In his analysis of the Bataan tragedy and the legal aftermath, A Trial of Generals, historian Lawrence Taylor ascribed the guards' atrocities to three factors, each of which counteracted Homma's specific directive to treat the POWs humanely.29 First was the morale of the low-ranking Japanese soldiers. Having suffered almost as much as their enemies during the fighting, having seen many of their comrades die in battle, and having been trained to regard surrender as dishonorable, the Japanese soldiers sought revenge upon their now-helpless foes.30 The second factor was a shortage of Japanese officers. There were not enough officers to supervise properly all aspects of the prisoner movement.31 Because a company of infantrymen might be spread out to guard a mile-long file of captives, its commander could not supervise carefully; therefore, the captors attacked their captives with impunity.32 The third factor was moral contamination of the Japanese junior officers. Several Japanese staff officers sent from Tokyo to assist Homma incited many of Homma's subordinate officers to treat the fighting as a racial war against the United States.33 The junior Japanese officers' newly instilled racial hatred further ensured poor treatment of the Allied prisoners because Homma entrusted his junior officers with the actual supervision of the prisoners.34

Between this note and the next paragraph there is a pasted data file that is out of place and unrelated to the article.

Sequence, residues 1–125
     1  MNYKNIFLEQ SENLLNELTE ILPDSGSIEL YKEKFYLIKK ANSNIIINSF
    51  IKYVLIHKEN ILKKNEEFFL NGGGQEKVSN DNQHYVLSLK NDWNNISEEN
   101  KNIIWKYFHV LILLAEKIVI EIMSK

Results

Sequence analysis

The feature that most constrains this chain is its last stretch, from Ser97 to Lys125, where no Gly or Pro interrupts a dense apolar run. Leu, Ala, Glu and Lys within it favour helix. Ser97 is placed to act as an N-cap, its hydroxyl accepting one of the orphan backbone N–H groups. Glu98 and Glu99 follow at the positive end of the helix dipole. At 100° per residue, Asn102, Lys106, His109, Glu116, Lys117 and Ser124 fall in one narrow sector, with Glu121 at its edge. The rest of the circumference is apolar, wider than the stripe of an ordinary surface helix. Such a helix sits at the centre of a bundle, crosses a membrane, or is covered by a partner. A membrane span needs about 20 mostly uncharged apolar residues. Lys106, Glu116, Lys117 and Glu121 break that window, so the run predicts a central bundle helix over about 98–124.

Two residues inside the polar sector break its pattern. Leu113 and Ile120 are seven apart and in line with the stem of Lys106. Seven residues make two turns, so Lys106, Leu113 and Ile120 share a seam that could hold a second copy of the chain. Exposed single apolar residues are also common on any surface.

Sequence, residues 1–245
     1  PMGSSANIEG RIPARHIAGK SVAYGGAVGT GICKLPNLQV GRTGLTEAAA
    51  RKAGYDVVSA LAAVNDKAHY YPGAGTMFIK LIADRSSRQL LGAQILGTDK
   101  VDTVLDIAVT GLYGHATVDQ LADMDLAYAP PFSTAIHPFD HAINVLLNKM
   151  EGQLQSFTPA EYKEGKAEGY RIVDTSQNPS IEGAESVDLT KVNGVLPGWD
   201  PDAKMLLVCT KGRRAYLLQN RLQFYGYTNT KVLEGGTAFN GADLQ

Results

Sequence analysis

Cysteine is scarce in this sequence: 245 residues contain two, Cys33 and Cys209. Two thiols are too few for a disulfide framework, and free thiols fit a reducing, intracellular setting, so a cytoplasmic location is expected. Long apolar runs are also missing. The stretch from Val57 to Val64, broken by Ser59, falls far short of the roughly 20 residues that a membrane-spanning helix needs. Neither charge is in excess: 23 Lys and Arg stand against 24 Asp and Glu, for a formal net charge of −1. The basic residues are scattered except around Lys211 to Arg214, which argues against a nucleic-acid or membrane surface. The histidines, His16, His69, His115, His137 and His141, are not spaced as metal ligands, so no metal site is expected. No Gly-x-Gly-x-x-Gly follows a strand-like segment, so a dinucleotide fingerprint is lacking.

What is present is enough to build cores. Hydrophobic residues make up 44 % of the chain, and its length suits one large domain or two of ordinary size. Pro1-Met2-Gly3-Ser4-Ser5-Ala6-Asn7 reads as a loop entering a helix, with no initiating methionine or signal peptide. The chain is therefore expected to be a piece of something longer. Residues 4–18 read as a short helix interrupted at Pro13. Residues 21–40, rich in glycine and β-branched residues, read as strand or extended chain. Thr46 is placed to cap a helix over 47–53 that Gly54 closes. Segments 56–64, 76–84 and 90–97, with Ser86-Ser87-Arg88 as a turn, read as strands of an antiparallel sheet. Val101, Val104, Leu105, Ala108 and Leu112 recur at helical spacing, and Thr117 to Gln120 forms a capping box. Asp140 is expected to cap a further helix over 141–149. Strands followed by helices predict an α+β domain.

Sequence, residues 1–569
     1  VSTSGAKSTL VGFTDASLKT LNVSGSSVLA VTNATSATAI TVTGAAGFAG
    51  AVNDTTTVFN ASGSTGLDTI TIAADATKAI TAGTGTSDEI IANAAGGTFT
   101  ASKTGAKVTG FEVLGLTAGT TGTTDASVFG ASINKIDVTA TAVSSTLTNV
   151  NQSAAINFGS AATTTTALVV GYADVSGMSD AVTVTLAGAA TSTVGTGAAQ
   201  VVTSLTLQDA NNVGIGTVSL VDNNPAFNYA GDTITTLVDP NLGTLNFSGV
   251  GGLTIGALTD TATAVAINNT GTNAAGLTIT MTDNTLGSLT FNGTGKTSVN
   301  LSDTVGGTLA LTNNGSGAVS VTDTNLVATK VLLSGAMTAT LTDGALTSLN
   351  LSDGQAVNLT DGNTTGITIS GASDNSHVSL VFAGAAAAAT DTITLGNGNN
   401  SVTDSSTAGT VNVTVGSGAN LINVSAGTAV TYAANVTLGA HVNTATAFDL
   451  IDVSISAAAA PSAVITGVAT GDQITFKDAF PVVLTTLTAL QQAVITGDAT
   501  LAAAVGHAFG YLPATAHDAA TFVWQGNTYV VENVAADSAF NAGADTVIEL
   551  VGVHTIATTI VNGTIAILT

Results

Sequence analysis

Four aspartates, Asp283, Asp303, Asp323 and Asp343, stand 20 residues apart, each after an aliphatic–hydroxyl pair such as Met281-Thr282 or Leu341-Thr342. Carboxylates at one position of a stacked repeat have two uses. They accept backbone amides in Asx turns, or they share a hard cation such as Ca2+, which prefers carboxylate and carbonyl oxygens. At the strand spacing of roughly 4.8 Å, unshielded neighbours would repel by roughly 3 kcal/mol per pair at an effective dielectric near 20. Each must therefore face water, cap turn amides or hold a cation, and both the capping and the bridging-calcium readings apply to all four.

Homma claimed that he was so preoccupied with the plans for the Corregidor assault that he had forgotten about the prisoners' treatment, believing that his officers were properly handling the matter. He allegedly did not learn of the death toll until after the war.35 Even Major General Yoshikate Kawane, whom Homma assigned to direct the main portion of the prisoners' march from Balanga to Camp O'Donnell, neither knew of
the atrocities nor their partial origin in the visiting staff officers' campaign of hatred.36
Shortly after the end of the march to Camp O'Donnell, Homma's troops attacked Corregidor. Corregidor's defenders and General Jonathan Wainwright...